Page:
I understand the problems with anachronism, however in defence (at least as it relates to the mode of execution by stoning) I’d point out that the Tractate I referred to earlier has a reference to the Tzadakim burning someone at the stake. From the discussion in that passage, it would seem that the Tzadakim had a tendency to rewrite the rules to suit themselves. I would submit that the Tractate Sanhedrin closely reflects the practise of the Pharisees, and so would have been pretty much what Jesus would have followed.
Of course, it is very difficult to know for certain what was happening in Jewish thought at the time. Although the Talmud was not completed until many centuries later, parts of it were in existence during Jesus lifetime (several of the Mishnas, for example).
Maybe one of these days I’ll find out. Probably won’t be until the resurrection though 🙂
Nobody has without sin in this world so we should not have any right to raise fingure to anybody. God is watching to all of us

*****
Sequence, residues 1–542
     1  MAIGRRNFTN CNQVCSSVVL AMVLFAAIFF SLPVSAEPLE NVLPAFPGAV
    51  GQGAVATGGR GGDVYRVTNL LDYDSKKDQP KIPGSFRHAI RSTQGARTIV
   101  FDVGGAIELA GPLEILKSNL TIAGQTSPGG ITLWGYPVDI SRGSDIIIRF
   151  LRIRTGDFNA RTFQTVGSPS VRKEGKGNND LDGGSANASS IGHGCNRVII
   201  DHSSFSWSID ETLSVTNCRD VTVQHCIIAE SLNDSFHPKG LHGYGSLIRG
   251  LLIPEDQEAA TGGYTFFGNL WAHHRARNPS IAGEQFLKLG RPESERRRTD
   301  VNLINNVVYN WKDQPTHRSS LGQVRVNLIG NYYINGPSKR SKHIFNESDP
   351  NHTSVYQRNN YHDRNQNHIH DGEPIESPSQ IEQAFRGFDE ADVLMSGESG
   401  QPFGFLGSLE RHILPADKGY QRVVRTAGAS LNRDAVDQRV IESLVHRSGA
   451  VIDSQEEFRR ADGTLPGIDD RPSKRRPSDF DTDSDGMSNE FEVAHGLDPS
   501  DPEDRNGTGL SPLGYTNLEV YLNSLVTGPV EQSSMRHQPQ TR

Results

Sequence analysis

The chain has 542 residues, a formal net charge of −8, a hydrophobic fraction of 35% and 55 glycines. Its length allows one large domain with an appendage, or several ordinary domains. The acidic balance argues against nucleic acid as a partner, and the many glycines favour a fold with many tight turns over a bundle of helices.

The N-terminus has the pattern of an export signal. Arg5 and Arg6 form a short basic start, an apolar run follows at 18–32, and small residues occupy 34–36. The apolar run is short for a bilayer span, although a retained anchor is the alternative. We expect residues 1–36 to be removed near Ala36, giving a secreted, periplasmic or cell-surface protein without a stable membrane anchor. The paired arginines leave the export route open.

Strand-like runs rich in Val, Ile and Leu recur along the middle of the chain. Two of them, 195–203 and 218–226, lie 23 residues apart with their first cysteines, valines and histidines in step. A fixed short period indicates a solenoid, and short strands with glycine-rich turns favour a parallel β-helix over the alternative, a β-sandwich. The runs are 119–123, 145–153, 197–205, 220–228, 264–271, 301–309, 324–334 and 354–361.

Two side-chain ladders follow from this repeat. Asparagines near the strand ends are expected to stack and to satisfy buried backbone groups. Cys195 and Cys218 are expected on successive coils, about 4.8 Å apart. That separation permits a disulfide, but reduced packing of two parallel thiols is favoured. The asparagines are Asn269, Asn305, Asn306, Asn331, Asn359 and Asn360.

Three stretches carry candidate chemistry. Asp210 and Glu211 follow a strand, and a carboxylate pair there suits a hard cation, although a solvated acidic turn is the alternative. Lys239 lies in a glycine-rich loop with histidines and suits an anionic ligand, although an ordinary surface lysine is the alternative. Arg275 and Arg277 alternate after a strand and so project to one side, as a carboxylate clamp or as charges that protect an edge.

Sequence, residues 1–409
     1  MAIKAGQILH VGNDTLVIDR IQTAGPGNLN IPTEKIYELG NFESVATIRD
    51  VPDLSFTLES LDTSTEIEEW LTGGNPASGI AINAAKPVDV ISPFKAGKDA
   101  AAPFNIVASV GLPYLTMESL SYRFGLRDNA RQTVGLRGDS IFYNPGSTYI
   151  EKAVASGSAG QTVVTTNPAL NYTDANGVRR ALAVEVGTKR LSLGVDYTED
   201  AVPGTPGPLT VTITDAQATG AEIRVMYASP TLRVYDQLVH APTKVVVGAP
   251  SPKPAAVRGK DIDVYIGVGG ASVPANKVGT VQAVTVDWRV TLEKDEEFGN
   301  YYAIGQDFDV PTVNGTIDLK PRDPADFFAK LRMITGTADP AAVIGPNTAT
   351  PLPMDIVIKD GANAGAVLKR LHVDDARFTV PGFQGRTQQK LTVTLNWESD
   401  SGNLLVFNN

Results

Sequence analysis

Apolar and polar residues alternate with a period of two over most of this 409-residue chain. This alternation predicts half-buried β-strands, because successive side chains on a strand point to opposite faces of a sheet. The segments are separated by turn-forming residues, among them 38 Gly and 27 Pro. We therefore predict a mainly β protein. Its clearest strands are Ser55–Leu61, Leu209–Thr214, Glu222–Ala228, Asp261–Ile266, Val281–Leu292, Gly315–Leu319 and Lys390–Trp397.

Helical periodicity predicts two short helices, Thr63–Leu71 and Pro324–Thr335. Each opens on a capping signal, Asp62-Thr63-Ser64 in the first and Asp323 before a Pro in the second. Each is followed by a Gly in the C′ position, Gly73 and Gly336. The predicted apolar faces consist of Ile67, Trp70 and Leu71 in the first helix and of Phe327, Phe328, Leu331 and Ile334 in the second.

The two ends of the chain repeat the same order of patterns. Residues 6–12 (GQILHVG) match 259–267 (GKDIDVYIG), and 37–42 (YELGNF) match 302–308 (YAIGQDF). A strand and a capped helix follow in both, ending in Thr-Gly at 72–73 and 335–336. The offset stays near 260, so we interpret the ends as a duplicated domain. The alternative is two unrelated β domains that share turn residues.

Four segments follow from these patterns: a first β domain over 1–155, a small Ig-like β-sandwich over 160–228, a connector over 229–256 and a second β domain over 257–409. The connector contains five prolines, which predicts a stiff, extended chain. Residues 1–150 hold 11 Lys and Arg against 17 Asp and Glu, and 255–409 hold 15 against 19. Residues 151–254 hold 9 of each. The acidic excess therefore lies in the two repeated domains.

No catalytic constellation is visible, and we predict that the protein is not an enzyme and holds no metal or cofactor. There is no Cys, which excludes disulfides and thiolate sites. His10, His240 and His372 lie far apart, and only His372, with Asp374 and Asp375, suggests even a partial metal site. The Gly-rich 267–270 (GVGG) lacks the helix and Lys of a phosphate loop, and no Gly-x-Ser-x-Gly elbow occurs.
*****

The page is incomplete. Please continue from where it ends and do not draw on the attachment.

I think that is the main point here. Thanks for your comment! Dr. Eli
Shalom, Dr Eli. I never knew that this story did not appear in the oldest manuscripts; yet I can see why you find the story, as eventually recorded; authentic.
The fact that Jesus went to the Mount of Olives (no doubt to pray,) whilst others went to their homes to rest for the night, fits with other parts of the narrative, like the evening in the garden of Gethsemane. Then he calmly goes back to the Temple, to ‘his Father’s house’ and in compassion, with quiet authority, begins to teach the children of Jerusalem. Once again the quiet authority as he scratched on the ground… The understanding that they were testing him, as usual. That he knew what was in the hearts of men, and understood that even the self-righteous leadership would have to turn away; acknowledging that they were not totally righteous. The fact that he sent her away and did not condemn her, but also told her to change her life… It is all in character, in accord with the other stories recorded.
The irony that the Messiah and Future Judge of the world is left alone with the woman (by those who did not accept his authority) to deal with her as the Judge of the world should was an acknowledgment from them, at that moment in time, as the true and greater Judge.